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Our final step was to attach the positive and negative 12-volt leads to the control panel on the compressor. We flipped the breaker and were delighted when the unit hummed to life. However, it was an extremely quiet, barely audible hum. Our old unit had sort of a high-pitched bearing squeal that was audible anywhere in the boat. With the new unit we can’t hear it at all unless we open the lazarette and listen for it.

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As you can see, the footprint of the new until is less than half that of our old unit.

Once everything is connected and running, you can squirt a little spray foam into the icebox hole to seal it up. If your icebox lid isn’t insulated, it will also boost the efficiency of your new refrigerator to insulate that as well. Catalina Direct actually sells icebox lid insulation containers that just screw on to the bottom of your existing lid in a couple of sizes, but it’s easy enough just to make your own.

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The Adler/Barbour Historical Preservation Society

One of the things to take into consideration when buying an older boat is that while the hull itself may be in great shape, you’re going to have to spend some money updating other things.

O’day 34s were constructed with two large iceboxes in the galley.

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Sometime in Gimme Shelter’s past a previous owner converted the aft icebox into a refrigerator with an Adler/Barbour Cold Machine.

It wasn’t a terrible installation. They mounted to compressor in the lazarette and used the correct size wires run directly to the house batteries with its own breaker switch.

However, they mounted the evaporator very high in the icebox, so that there was no space to add any insulation to the icebox lid. This creates moisture and sweat on the counter, which in turn rots out the plywood icebox lids.

Last year I constructed a new lid, which I sealed with epoxy to hopefully stop the rotting. I also added a layer of neoprene on the bottom of it in hopes of improving the efficiency of the refrigerator.

It was only a matter of months before the cold and moisture destroyed the glue holding the neoprene onto the bottom. In the winter we still had ice forming on the counter. In the summer we still had a damp counter.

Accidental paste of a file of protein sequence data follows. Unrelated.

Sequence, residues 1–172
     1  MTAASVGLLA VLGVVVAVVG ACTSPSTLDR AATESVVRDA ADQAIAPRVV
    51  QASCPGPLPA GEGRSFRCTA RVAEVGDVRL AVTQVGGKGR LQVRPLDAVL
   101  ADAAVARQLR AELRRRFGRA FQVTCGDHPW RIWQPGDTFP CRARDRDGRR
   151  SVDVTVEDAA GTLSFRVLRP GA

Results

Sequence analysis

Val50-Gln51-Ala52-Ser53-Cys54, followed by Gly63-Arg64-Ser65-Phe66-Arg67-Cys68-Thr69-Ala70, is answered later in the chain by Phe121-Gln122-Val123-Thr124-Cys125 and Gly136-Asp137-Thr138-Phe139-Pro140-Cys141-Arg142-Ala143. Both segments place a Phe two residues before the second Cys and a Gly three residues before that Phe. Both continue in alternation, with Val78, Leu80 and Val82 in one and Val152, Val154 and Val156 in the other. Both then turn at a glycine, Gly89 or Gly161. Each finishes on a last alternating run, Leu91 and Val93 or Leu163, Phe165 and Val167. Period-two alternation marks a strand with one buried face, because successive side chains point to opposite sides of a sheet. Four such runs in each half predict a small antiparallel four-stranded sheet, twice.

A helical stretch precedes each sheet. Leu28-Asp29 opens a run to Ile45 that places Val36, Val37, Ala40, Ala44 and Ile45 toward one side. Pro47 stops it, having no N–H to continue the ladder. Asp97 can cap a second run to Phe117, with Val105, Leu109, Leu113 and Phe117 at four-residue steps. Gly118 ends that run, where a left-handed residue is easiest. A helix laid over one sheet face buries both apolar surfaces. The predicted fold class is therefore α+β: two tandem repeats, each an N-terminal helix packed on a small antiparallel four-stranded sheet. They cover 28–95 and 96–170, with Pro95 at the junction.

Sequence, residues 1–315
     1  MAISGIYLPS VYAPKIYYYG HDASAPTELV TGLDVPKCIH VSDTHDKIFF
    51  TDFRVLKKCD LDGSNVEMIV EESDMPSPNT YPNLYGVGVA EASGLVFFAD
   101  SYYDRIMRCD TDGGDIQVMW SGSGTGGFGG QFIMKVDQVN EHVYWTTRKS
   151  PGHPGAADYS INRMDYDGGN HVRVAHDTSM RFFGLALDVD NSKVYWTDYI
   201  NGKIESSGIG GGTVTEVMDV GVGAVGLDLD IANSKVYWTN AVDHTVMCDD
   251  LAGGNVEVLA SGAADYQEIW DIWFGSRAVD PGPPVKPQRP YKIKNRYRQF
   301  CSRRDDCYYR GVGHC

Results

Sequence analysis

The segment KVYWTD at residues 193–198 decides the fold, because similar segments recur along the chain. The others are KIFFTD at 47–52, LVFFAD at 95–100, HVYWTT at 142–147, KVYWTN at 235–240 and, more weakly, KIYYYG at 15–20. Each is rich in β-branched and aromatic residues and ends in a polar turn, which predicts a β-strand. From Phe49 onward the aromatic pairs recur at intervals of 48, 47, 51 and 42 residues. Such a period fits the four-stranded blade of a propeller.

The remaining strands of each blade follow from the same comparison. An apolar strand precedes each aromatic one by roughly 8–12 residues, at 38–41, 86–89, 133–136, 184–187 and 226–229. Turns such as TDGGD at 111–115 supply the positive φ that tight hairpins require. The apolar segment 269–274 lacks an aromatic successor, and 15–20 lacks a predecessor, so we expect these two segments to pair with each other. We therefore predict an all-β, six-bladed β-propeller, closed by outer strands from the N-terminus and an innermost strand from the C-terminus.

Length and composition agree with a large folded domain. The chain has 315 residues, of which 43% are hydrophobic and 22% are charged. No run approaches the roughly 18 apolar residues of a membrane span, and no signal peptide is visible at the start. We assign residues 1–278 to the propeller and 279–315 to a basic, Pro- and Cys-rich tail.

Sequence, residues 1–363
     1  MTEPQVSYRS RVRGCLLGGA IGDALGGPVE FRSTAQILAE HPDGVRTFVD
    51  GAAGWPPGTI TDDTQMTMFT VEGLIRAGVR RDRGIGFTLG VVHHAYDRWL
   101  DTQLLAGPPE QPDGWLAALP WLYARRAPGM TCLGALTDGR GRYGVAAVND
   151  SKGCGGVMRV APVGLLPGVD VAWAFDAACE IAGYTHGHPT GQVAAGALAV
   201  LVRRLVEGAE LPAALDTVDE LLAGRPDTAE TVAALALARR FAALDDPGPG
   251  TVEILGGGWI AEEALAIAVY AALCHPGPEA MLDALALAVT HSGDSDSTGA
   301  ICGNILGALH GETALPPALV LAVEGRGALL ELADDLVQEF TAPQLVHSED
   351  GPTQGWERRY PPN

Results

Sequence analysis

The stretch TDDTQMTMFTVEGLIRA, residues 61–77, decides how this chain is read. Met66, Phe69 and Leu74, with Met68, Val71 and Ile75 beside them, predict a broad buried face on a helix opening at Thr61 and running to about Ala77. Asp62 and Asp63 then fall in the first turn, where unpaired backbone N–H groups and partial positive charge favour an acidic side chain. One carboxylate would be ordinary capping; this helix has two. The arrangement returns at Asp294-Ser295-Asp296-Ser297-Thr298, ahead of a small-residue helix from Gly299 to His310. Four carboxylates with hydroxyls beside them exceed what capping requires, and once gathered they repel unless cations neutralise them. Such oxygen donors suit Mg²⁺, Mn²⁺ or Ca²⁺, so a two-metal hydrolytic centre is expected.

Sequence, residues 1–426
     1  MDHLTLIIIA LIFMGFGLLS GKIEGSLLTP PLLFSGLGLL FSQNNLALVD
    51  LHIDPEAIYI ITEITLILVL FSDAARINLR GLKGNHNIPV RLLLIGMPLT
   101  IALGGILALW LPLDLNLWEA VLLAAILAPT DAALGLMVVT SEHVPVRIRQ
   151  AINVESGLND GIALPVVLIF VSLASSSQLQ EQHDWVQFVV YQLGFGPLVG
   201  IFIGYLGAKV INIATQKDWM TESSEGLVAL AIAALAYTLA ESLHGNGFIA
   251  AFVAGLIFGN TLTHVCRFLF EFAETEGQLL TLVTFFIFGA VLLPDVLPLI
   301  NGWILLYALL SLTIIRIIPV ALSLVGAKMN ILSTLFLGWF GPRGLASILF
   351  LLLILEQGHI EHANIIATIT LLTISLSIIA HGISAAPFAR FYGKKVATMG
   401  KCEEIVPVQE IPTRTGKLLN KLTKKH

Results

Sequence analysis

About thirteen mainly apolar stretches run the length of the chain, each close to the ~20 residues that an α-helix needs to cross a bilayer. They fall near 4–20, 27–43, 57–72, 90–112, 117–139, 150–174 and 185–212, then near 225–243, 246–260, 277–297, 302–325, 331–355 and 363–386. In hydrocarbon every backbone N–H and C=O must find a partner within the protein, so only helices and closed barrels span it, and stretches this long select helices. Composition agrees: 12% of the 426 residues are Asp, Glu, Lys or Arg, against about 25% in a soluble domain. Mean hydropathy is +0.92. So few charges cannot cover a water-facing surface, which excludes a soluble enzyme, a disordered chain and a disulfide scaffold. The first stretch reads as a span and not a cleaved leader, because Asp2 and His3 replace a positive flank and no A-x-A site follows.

To make matters worse, during the heat of the summer, the battery charger couldn’t keep up with the refrigerator’s draw on the house batteries. We started having to turn off the refrigerator when we left the boat because without the air-conditioner running to keep the ambient temperature lower in the cabin, the refrigerator would run non-stop and run the batteries flat.

We knew we had to do something, but when you’re a frugal boater (aka cheap), it’s hard to spend money re-working something that already functions enough to get you by.

Well, last week we arrived to the boat and flipped on the refrigerator breaker only to get no response. It was dead as a doorknob.

Our friend Andy also happened to have an Adler/Barbour system that had just died, which he was troubleshooting, so he offered to stop by and troubleshoot ours this week. His first comment was, “Wow, your system is MUCH older than mine.”

In fact, I went scrounging through the folder of old receipts and manuals presented to us by the previous owner, and it turns out our refrigerator dates back to around 1985 — at least, that’s the copyright on the installation instructions.

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Adler/Barbour is also now owned by Waeco, part of the Dometic Group, instead of IMI.

While Andy’s troubleshooting showed that it’s probably the control unit that has gone bad, the four-pin control unit is no longer made. However, you can allegedly use a Frigoboat controller unit as a replacement. That’s a $285 non-refundable gamble I’m not will to make on a 30-year-old system that already had some fundamental problems.

Since the thermostat and evaporator seemed fine, our next option was to just replace the compressor/condendor unit. Unfortunately, our system is still running R12 freon, so I’m not sure how the evaporator would react if we hooked a new R134a compressor up to it. Not to mention the fact that Adler/Barbour has changed the connections on their lines sometime in the past three decades, and we’d have to pay an additional $199 for the adapter kit.

Seriously, how are those two short copper tubes worth $199?!!!

It looks like we’re going to have to negate our membership in the Adler/Barbour Historical Preservation Society and rip the old refrigerator out next weekend.

Right now we’re leaning towards this Isotherm Refrigeration Kit, which uses the same Danfoss compressor but is a couple hundred dollars cheaper than the Adler/Barbour system.

And most importantly, I’m going to install the evaporator in a spot that allows for a very well-insulated lid.